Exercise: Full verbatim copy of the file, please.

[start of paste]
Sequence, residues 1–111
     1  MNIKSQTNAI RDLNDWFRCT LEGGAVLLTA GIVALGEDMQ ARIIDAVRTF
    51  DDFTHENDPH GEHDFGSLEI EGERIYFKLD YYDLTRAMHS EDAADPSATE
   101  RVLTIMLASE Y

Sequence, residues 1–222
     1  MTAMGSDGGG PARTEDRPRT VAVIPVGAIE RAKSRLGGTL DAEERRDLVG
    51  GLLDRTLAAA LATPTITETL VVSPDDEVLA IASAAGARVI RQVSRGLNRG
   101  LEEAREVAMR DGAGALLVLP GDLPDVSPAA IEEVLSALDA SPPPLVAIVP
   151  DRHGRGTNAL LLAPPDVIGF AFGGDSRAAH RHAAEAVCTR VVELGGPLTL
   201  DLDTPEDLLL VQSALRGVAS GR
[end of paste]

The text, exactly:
Sequence, residues 1–111
     1  MNIKSQTNAI RDLNDWFRCT LEGGAVLLTA GIVALGEDMQ ARIIDAVRTF
    51  DDFTHENDPH GEHDFGSLEI EGERIYFKLD YYDLTRAMHS EDAADPSATE
   101  RVLTIMLASE Y

Sequence, residues 1–222
     1  MTAMGSDGGG PARTEDRPRT VAVIPVGAIE RAKSRLGGTL DAEERRDLVG
    51  GLLDRTLAAA LATPTITETL VVSPDDEVLA IASAAGARVI RQVSRGLNRG
   101  LEEAREVAMR DGAGALLVLP GDLPDVSPAA IEEVLSALDA SPPPLVAIVP
   151  DRHGRGTNAL LLAPPDVIGF AFGGDSRAAH RHAAEAVCTR VVELGGPLTL
   201  DLDTPEDLLL VQSALRGVAS GR